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Evelyn Williams
(1929 — 2012)

Evelyn Williams was a British artist known for her figurative paintings, drawings and sculptural reliefs. Born in London in 1929, Williams was the daughter of an opera singer and radical writer. She began her artistic studies at St Martin’s School of Art before continuing her education at the Royal College of Art in her native London. After receiving her diploma in 1950 Williams began her career in earnest, developing her distinctive figurative style to great acclaim. Initially celebrated for her unique style of children’s portraiture, which won her an Observer prize, the 1950s saw Williams branch away from more traditional images in favour of exploring large scale drawings and three-dimensional sculptural reliefs which depicted apocalyptic landscapes and quiet, ghostly figures. She was the recipient of the sculpture prize at the John Moores Liverpool exhibition in 1961 and, though the fashion of the time favoured the vibrant Pop Art movement, Williams work continued to impress critics in the years that followed with her muted colour palette and ethereal themes. Her career was punctuated at a very early stage by a retrospective at the Whitechapel Gallery in 1972, followed by several exhibitions as her well established sculptural career began to progress into a more varied body of work which grew to encompass drawings and paintings that were as broad in depth and as large in scale as her sculptural relief work.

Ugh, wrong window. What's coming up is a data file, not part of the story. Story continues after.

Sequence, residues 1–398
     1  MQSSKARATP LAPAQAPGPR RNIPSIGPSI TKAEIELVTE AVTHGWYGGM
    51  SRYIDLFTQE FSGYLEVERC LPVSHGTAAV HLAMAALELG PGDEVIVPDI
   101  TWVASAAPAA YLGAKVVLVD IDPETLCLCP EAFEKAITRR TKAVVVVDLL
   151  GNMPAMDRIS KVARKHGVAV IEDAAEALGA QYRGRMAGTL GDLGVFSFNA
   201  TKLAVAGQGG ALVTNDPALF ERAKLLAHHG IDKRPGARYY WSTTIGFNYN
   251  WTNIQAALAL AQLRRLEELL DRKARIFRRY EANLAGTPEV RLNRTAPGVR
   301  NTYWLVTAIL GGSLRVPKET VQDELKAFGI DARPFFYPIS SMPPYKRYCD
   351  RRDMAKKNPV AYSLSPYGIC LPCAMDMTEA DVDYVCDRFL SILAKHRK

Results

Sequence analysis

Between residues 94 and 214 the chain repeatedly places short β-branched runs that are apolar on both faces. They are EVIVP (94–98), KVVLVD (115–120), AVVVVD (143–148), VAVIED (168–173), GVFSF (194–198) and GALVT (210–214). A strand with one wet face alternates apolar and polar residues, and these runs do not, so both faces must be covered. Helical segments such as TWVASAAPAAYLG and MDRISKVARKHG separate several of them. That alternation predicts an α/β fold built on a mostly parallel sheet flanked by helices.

Particularly evident in her painted works, Williams was able to portray a tender world where vision, dream and reality were shown as one. Williams’s attitude was as reflective in life as it was in her work. In 1993, the artist sold her house in order to raise money to establish a trust that would support young artists in the field of drawing. Since its conception, several Fellowships to leading art schools have been awarded by the Evelyn Williams Trust, continuing to promote the artist’s great legacy. Williams died in 2012. The expansive and enduring work of Williams can be seen in a number leading public collections across Britain.